French Quarter Festival Masters Rugby Tournament



I’m sitting here with my hamstring screaming, reflecting on the 2008 First Annual French Quarter Festival Masters Rugby Tournament and wondering 2 things – why the hell did I play and who won?

On Friday, April 11th, at the fields in Gretna a combined New Orleans/Baton Rouge RFC Masters side rumbled over the Texas XXXs in the opening match. Watching some of the legends of local rugby (Bob Causey, Gary Giepert, Tim Falcon, Sammy Fornet) scamper around the pitch was inspiring. The ever-youthful Billy Gooddell (Somebody needs to follow him to where he’s hiding the fountain of youth.) between playing matches with the NO/BR side and the Memphis/Nashville/Tennessee side was arranging an over-50 match for Saturday at noon. While the Tennessee side battled the Morristown/South Jersey lads, I caught up with old NORFC teammate Gene Gerdes. I had heard that Gene had suffered a stroke and found out this was true. But at 60 years of age and with a warning from a doctor that cerebral bleeding from his stroke put him at severe risk if he had a head accident, Gene was keen to strap on his boots and feel that exquisite pleasure of involvement in a match of rugby. The last match of the day saw The Blacksmiths defeat the NO/BR side. I headed over the bridge to meet my wife for a bike ride to French Quarter Fest with a weirdly wonderful feeling of knowing you truly exist and have had a good life because of this network of rugby.

Saturday, I picked Fran Thompson up at 8:30 a.m. to get to the pitch for the 9 a.m. Mobile v Morristown. On the cloudy but gorgeous drive over the swollen Mississippi River, Fran gave me the key to an old boys successful play in a Master match – keep your head bobbing as if you are running, no matter how slow you’re going. Mobile’s defeat of the Jersey lads ended dramatically with a snap and a cry from a Mobile player for everyone to stop. A Jersey player’s leg was broken. While the Blacksmiths bettered the Texas XXX in the second match, Fran and I philosophized with Baton Rouge Old Boys Gary Myers, Mark Lawson, and “Big Red” Causey about the pleasantly strange relationships between players and fans from different teams in rugby. At a loss for the perfect description without resulting to the clichés of camaraderie or a rugby brother/sisterhood we fumbled with comparisons with the angry hostility that exists between fans of professional football or soccer teams. Examples were given of being cursed while wearing a Dallas jersey in Philadelphia. As we know, if you were to wear a rugby jersey for a certain club in another club’s city, the questions would be welcoming and about who you know. As the next match (Mobile v Tennessee) started, Billy runs up and says there will be no over-50 match, so if I we want to play get ready to go in at half.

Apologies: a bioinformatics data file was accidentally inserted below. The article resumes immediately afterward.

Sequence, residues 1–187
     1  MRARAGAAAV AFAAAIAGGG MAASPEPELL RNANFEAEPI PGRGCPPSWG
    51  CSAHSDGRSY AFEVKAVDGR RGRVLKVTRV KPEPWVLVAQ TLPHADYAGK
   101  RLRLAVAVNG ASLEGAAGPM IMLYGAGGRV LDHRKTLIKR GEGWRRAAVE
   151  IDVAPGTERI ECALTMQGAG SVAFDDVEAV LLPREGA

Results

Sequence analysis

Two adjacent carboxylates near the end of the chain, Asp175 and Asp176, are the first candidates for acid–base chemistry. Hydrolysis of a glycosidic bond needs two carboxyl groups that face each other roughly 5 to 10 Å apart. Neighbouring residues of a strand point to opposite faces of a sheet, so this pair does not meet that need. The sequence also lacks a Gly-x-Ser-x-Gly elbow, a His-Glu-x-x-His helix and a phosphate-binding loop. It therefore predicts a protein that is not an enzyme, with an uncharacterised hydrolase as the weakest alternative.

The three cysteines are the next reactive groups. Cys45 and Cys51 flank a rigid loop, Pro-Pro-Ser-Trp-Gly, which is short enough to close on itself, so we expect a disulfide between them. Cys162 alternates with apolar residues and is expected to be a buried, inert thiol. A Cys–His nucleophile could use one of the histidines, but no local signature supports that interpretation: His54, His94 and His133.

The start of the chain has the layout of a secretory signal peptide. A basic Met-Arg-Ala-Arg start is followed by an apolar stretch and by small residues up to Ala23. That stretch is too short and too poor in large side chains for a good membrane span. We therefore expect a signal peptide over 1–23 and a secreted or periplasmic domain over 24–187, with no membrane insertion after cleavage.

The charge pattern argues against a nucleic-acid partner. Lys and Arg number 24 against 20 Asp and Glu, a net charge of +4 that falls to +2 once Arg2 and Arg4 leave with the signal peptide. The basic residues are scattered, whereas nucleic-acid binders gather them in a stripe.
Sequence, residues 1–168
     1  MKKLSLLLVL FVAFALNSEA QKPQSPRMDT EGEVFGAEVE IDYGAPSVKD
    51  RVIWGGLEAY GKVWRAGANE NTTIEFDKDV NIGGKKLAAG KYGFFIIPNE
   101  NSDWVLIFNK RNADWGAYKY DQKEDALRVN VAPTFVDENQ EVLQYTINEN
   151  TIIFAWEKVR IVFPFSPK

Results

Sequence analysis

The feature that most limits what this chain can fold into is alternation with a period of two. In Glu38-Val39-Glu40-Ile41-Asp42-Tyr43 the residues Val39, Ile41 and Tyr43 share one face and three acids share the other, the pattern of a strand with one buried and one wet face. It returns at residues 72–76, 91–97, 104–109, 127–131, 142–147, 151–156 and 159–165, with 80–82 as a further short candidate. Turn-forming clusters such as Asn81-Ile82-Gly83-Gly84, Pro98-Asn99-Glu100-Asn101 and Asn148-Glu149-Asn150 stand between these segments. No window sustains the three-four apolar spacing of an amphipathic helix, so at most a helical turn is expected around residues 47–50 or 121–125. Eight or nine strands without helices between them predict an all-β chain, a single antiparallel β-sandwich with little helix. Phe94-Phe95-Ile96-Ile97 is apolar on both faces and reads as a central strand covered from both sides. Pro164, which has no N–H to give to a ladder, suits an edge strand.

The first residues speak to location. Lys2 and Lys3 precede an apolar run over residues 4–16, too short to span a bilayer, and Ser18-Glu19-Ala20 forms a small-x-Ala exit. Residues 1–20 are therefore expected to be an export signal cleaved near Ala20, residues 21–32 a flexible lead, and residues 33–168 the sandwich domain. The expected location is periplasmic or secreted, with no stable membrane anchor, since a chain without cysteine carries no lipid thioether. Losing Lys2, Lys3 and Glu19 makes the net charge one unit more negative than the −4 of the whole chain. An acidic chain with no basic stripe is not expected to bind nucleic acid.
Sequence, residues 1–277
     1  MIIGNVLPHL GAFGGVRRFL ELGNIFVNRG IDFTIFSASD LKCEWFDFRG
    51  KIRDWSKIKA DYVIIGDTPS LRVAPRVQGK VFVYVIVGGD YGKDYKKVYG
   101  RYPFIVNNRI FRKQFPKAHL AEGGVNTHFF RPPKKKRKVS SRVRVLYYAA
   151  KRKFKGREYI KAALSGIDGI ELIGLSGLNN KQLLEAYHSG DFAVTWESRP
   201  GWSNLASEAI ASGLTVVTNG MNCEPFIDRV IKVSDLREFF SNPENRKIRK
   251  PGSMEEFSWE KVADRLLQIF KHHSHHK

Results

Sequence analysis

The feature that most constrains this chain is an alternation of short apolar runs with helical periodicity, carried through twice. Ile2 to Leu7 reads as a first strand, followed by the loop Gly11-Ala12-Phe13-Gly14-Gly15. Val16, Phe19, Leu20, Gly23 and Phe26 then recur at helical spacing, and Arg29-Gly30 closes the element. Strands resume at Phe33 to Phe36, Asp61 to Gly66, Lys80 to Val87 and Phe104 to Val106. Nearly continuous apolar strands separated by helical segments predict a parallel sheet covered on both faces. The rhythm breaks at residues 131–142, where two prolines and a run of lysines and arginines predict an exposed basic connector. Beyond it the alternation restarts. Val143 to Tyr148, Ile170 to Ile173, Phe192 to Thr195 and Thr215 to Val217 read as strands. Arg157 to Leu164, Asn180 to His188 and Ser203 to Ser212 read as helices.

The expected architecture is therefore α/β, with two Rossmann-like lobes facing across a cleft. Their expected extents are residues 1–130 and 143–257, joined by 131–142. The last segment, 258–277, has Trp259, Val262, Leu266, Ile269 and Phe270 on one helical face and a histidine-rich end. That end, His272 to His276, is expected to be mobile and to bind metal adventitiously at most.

I’m feeling pretty good. I see Gene getting his kit on. I jog to the car and put on my boots and trot over to the side of the pitch to stretch and watch the hard charging Mobile boys, pound through the Tennessee side. The half ends. For the past several years I have had a personal rule that I don’t play for any side that cares if they win. I figure it is not fair to that side or me as I am no longer willing to make the physical sacrifice to win a game of rugby. Looking at the Tennessee fellows and the over-50 bunch that was volunteering to fill in their ranks, I figured I didn’t need to poll the team if they wanted to win when they asked if anyone wanted to play fullback. The Mobile onslaught continued until my hamstring popped as a back who had me well out paced cut back inside. I forgot to keep my head bobbing.

Why did I play? Was it for that boyhood/young man feeling of youth and healthy enjoyment of a good game? Was it by still playing to feel to wonderful rugby experiences past? As I hobble around the house, my sweet Carolyn (who is in some ways delighted that her prophesy that I would get injured has come true) is extracting promises that I will never play again while making me far more comfortable than I deserve to be. The recovery period from a pulled hamstring I know only too well. As I look forward to shuffling around for the next few weeks, I think how lucky I am to not be the fellow with the broken leg. I don’t think I’ll ever understand why I played. I’m expanding my rule to include not playing in matches where either team cares if they win.

The ceremony to award the trophy to the tournament champion was held on the side of the pitch before the New Orleans RFC division II regional championship match against Atlanta Renegades. I was medicating myself on the bleachers while the award ceremony took place. I heard second hand that Morristown were the crowned the tournament winners. Criteria for deciding the champion were in the areas of how far they traveled and performance on and off the pitch. A simplified criterion was which team had the most fun. There are, I believe, a few disputes over who had the most fun. I heard the Texas XXXs had so much fun before they left Texas they declared on their website they had won the championship before the tournament ever licked off. As every one was heading off Saturday afternoon to the French Quarter to enjoy the fantastic music, food, and ambiance of the free French Quarter Festival, there was still a lot of fun to be had.

The 2nd Annual French Quarter Festival will be held Friday, April 10th, and Saturday, April 11th, 2009. For more information contact Tim Falcon at 504.884.5471.

A goal of is to create a historical record of rugby in the region. If you attended the tournament and would like to be listed send your name, club affiliation, and comments to deepsouthrugby@

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